Navigating the Great Resignation

25 September 2021
4 min read
Navigating the Great Resignation article image

Wouldn’t it be ironic if a company lost half of its staff when they forced workers back into the office, only to find remote workers to replace them?

This isn’t much of a fictional story nowadays, especially for organisations that foolishly discarded years of experience and institutional knowledge just because they did not understand the employment landscape.

The COVID-19 pandemic caused many employers to force their employees to work from home. Now, as some of the pandemic restrictions have eased, employees have been called back to the office. Some employers assumed that things would go back to normal and employees would be clamouring to return. These companies have been met with unexpected resignations.

It appears that employees have enjoyed the flexibility to work around their home life instead of structuring their home life around their work, and they don’t miss the daily commute.

Changing Conditions

Several factors have played into the so-called ‘Great Resignation’. While employees hung on to their jobs to ride out the pandemic, many are now looking around for better jobs. A backlog of ‘delayed’ resignations has contributed to the high rate of turnover.

Another factor is that the disruption in the daily routine has caused many workers to reassess their priorities – and many want out of their current positions. Estimates ranging from 40% to 95% of workers are considering changing jobs in the coming year.

Employees that did not feel supported during the pandemic were even more likely to leave now that there are more opportunities for movement.

More and more often, employees are less willing to commute five days a week to a central office. Some companies have been known to force workers into a local office only for those employees to spend their days teleconferencing with their teams dispersed around the world. Workers are asking, ‘What’s the point?’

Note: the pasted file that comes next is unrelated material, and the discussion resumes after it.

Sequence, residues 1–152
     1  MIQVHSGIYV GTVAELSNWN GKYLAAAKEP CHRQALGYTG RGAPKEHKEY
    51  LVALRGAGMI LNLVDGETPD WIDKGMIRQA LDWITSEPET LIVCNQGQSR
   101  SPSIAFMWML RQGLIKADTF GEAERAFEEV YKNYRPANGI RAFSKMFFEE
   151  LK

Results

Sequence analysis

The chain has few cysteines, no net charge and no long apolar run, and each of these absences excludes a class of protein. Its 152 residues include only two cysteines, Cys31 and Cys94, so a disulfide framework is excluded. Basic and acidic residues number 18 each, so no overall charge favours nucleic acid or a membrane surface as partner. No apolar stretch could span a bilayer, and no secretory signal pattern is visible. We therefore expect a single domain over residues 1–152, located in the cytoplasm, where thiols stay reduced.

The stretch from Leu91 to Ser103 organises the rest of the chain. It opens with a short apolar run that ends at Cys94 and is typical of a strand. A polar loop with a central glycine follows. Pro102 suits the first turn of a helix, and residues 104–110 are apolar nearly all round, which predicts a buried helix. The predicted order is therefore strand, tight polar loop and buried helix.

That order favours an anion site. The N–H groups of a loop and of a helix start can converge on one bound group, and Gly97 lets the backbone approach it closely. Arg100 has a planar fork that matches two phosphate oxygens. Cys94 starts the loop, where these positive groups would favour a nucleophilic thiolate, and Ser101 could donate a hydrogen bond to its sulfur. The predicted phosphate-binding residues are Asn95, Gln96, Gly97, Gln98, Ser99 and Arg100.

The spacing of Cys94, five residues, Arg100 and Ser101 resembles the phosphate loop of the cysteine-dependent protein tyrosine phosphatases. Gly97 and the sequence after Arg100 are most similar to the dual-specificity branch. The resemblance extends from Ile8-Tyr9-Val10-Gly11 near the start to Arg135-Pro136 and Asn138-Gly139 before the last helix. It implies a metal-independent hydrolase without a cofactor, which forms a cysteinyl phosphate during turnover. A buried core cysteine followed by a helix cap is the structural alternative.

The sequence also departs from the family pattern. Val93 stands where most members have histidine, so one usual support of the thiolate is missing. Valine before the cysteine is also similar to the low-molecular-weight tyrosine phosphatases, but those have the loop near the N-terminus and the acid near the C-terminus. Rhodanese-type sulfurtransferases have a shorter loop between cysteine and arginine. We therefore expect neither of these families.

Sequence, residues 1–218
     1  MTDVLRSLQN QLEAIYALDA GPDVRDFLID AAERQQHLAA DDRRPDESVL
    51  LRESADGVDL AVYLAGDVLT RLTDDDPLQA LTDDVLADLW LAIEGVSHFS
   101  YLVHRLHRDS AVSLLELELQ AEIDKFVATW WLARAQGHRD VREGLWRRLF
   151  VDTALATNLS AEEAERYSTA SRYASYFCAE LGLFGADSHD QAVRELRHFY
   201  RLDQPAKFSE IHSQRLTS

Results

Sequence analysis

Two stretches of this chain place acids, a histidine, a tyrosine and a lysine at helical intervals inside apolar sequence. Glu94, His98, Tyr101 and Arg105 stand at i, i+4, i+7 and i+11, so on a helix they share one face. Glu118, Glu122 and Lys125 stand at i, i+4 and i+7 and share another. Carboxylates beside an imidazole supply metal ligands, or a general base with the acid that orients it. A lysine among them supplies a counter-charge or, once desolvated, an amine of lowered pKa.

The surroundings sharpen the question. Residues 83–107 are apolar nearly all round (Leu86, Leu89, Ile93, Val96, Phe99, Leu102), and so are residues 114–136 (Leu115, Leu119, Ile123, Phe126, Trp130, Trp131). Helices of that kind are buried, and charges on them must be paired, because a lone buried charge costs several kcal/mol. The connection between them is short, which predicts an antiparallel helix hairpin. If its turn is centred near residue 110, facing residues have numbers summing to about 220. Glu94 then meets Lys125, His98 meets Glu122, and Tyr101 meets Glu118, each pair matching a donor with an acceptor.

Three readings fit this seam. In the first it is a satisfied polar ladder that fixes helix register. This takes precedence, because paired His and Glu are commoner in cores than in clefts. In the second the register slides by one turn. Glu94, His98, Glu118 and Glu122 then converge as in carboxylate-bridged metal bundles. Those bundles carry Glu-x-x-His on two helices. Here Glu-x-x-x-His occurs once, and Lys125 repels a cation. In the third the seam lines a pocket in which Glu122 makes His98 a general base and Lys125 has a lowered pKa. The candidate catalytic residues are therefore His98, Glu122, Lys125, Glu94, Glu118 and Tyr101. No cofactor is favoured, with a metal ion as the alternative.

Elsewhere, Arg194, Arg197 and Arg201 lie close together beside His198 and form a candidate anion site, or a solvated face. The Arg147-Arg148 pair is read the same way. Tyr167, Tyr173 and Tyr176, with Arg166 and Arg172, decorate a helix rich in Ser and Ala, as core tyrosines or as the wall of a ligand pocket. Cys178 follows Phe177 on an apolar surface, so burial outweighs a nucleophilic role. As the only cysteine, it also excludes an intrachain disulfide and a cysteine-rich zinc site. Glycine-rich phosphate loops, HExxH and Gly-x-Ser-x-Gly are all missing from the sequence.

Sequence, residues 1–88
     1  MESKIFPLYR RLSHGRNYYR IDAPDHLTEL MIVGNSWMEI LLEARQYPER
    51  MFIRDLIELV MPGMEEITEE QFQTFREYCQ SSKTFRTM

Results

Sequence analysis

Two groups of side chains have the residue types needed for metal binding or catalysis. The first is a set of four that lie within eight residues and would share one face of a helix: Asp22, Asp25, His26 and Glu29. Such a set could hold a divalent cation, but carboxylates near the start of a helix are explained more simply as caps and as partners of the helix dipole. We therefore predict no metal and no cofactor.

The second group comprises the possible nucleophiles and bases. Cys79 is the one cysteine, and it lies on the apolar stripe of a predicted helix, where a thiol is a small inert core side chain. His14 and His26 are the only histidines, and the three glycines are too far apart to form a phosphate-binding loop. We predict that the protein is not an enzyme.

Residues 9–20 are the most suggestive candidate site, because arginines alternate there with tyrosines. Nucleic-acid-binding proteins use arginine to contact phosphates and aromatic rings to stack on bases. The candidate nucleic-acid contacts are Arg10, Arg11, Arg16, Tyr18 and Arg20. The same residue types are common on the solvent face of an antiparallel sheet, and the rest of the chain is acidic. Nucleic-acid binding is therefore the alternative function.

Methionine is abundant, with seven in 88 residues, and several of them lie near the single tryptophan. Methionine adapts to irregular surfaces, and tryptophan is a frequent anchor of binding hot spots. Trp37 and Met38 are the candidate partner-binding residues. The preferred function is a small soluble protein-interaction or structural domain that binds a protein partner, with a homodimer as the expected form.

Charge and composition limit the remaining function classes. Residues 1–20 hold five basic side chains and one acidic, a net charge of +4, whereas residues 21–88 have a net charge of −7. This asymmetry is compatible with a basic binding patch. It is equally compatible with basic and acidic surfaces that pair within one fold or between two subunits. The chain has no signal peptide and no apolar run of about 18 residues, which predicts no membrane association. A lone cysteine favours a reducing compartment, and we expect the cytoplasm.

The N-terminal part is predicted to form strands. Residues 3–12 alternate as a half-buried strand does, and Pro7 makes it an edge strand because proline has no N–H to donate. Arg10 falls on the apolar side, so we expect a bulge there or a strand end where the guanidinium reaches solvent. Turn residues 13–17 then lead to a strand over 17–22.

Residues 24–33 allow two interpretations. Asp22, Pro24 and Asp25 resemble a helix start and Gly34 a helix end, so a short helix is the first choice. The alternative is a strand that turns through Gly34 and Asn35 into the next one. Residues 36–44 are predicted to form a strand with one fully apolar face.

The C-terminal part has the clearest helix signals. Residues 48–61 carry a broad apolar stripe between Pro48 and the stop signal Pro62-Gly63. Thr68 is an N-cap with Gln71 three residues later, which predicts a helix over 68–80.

Fighting Digital Exhaustion

While many employees enjoy working from home at least some of the time, this is not the end of the office. In-person collaboration is not outdated. Many employees want to come into the office for productive interactions, if not for the sake of just being around other people. This is especially true of companies that have a positive work culture. Organisations will need to optimise the time spent in the office and not just implement top-down, ‘one size fits all’ rules for sitting in a physical office.

The pandemic has shown us that many jobs can be completed from home (or really, from anywhere with a reliable internet connection), but is it sustainable? Some research has shown that workers and teams can be just as, if not more productive, working remotely, but there may be a hidden cost.

Many workers report feeling more drained by digital and hybrid interactions than by face-to-face meetings. Limiting screen time is not just the province of parents. Workers can burn out from back-to-back-to-back video conferencing meetings, especially when a phone call or email is used to get the job done.

How to Prevail?

Ultimately, organisations will need to adjust to the demands of employees while also moving the business forward. Strategic flexibility is the key here.

In this short-term game of musical chairs, some organisations are going to lose talent–especially those organisations that have a toxic work culture. But even those companies with a positive work culture will suffer if they cannot clearly demonstrate support for their workers.

The good news for the forward-looking organisation is that they can grab a greater share of the available talent if they are smart and can be flexible with their workers.

Partnering with the right talent agency can help identify the workers who can push a project forward or develop the teams that create a lasting competitive advantage.

The right partner will have their finger on the pulse of today’s workers–they know the expectations, and they know the supply and demand. This is especially important in the tech sector as workers are in high demand and may not be willing to put up with rigid ‘9 to 5’ rules.

Agencies will also help workers to identify the best opportunities. They know what the demand is for their skills and be able to find the job that is compatible with their lifestyle and responsibilities, and not just the highest hourly rate.

Furthermore, as the Delta variant causes a reassessment of the COVID risks and restrictions, organisations need to be flexible in how they get things done.

The global pandemic disrupted business as usual. In the wake of this crisis, there is the opportunity for workers and employers to redefine their relationships for the benefit of all. Don’t assume the old way is the best way or the only way, and don’t be the organisation that isn’t in on the joke.

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